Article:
In Compass Bank v. Calleja-Ahedo, an identity thief drained the plaintiff’s bank account through a series of fraudulent transactions in 2012 and 2013, and the plaintiff sued his bank to recover the stolen funds. No. 17-0065, 2018 Tex. LEXIS 1314 (Tex. December 21, 2018). The trial court granted summary judgment for the bank under Section 4.406 of the Business and Commerce Code. The court of appeals reversed and rendered judgment for the plaintiff. 508 S.W.3d 791 (Tex. App.—Houston [1st Dist.] 2016, reversed). The bank appealed to the Texas Supreme Court.

The Court acknowledged that a bank can be liable to its account holder for losses incurred when an imposter takes over the account. Id. (citing Am. Airlines Emps. Fed. Credit Union v. Martin, 29 S.W.3d 86, 95 (Tex. 2000)). However, Section 4.406 provides an exception to this liability and describes consequences that follow when a bank “sends or makes available to a customer” a monthly bank statement showing account transactions. The plaintiff argued, and the court of appeals held, that the statements sent to the imposter were not sent “to a customer” as contemplated by subsection 4.406(a), and therefore, it did not apply. The imposter had contacted the bank and had the statements sent to a different address.

The Texas Supreme Court noted that Section 4.406 applies when the bank sends or makes available a statement to the customer. The statements were made available:

As in the Lenk cases, our conclusion in this case that the Bank made the statements available to Calleja is dictated by the particular circumstances present here. Calleja stopped receiving bank statements a year and a half before he reported a problem. He does not dispute that he could have called the Bank at the 1-800 number provided on his previous statements to ask why the statements stopped arriving. He does not dispute that he could have requested copies of any of the statements by phone, or that he could have obtained copies by visiting any bank branch. He also does not dispute that he could have received copies of the statements or their equivalent by setting up online banking, which the Bank offered for free. Finally, he does not dispute that he failed for over a year to ascertain whether his brother continued to receive mailed statements. Having every reason to notice the paper statements were no longer coming and having several avenues of inquiry available to him, he made no effort to monitor his account until many months after the imposter drained it.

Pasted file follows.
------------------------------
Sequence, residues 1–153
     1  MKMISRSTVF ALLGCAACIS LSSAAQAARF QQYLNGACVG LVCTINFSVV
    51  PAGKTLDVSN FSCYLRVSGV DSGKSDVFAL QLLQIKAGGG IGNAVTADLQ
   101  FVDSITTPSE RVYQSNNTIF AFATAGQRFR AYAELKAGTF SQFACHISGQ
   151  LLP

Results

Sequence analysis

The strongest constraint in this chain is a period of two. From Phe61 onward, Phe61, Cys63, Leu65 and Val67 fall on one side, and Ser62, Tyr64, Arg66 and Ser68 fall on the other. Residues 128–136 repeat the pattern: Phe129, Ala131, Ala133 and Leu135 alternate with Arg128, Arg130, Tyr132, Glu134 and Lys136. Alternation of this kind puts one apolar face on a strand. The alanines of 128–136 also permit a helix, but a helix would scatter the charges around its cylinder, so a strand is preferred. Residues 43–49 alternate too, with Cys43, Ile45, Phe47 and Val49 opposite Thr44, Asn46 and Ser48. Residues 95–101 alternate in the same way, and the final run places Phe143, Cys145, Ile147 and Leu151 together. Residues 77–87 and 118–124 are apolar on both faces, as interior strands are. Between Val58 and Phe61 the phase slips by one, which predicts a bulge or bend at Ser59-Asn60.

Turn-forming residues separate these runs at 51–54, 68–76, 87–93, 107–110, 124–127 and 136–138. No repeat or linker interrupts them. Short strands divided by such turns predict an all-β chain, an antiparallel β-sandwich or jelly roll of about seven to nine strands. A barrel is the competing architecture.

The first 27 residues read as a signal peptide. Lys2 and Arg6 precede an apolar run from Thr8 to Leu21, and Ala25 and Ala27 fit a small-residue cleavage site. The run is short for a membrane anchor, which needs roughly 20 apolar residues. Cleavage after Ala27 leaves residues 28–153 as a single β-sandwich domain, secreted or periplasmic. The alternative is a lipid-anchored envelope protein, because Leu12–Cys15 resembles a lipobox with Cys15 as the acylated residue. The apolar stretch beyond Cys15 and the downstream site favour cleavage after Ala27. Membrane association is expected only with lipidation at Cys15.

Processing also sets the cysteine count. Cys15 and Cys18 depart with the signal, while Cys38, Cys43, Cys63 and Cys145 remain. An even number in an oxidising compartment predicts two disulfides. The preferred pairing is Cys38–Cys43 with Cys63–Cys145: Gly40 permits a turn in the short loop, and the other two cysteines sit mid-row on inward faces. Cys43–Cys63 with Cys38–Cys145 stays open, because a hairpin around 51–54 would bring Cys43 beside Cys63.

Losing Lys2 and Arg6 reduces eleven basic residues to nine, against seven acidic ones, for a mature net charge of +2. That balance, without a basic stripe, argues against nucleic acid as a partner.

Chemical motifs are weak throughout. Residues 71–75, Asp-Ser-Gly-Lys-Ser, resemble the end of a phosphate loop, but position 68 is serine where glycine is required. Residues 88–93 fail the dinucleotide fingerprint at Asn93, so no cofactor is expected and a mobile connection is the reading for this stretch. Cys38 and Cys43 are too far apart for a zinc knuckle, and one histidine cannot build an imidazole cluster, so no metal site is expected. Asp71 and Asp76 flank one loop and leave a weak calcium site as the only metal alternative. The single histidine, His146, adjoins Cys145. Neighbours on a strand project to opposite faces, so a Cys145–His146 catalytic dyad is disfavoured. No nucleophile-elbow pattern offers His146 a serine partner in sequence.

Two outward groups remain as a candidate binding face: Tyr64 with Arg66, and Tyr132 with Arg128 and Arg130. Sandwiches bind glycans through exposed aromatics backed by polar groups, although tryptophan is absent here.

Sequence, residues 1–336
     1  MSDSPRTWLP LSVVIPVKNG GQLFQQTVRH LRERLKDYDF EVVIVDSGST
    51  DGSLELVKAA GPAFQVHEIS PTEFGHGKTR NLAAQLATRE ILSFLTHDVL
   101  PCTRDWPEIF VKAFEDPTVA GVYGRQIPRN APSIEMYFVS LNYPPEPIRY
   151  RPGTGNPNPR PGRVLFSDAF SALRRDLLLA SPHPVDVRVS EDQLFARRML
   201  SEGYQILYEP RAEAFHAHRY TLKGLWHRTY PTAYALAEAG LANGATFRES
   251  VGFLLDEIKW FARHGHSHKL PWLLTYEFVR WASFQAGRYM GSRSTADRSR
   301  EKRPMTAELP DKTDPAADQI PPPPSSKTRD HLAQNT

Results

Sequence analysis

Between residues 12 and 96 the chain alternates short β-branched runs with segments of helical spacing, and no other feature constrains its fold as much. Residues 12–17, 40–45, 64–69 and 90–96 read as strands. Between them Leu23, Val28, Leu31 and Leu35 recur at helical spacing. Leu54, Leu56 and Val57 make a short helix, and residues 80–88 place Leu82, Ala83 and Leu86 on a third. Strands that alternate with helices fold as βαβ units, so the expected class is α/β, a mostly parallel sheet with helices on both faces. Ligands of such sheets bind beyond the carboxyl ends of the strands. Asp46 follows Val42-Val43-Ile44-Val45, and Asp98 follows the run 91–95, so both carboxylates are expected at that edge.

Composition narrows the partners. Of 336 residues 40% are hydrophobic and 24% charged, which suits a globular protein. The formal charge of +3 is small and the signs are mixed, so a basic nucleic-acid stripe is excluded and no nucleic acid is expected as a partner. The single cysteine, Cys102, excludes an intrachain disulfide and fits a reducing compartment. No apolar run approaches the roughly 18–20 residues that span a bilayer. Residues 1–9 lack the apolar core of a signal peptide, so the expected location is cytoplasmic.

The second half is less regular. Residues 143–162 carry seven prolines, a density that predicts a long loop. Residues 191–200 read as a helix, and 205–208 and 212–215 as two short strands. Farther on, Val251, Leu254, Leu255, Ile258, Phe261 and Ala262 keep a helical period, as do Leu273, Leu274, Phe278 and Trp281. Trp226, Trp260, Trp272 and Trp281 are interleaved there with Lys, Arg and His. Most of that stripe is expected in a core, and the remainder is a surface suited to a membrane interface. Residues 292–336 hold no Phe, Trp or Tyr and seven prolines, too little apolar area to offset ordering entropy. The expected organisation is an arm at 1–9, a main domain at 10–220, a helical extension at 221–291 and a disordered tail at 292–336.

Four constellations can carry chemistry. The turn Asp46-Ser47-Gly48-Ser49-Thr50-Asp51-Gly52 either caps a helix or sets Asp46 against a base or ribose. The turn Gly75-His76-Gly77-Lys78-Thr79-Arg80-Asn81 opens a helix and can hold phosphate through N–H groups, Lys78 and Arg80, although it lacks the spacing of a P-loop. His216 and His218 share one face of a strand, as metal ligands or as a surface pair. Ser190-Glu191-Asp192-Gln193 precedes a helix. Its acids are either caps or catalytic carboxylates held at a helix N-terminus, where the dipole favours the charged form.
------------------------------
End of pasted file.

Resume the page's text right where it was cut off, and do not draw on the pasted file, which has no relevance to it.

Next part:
When a bank customer waits more than one year after a statement has been made available to report an unauthorized signature reflected on the statement, subsection 4.406(f) protects banks from liability “[w]ithout regard to care or lack of care of either the customer or the bank.” … Applying subsection 4.406(f) to Calleja’s claims, the bulk of the transactions he challenges were listed on his bank statements more than one year before he discovered and reported the transactions. Subsection 4.406(f) bars his claims against the Bank regarding these unauthorized withdrawals.

Id. However, the Court held that Subsection 4.406(f) did not bar claims for unauthorized charges that occurred less than one year before statements reflecting the charges were made available: “some small transactions were recorded in statements made available to Calleja less than one year before he notified the Bank of the fraud. Subsection 4.406(f) does not apply to this small percentage of Calleja’s losses.” Id.

The Court then held that recovery of these remaining amounts was nevertheless barred by subsection 4.406(d)(2), which provides that, after an initial unauthorized withdrawal, subsequent withdrawals “by the same wrongdoer” cannot be recovered from the bank if “the customer had been afforded a reasonable period of time, not exceeding 30 days, in which to examine the item or statement of account and notify the bank.” Id. Because the same imposter drained the funds, the bank could not be liable for the newer charges under subsection 4.406(d)(2). The Court held that the trial court correctly concluded that section 4.406 bars the plaintiff’s claims. The Court reversed for the bank, but remanded to the court of appeals, the issue of whether the trial court should not have awarded attorney fees to the Bank as that was not decided by the court of appeals in the earlier opinion.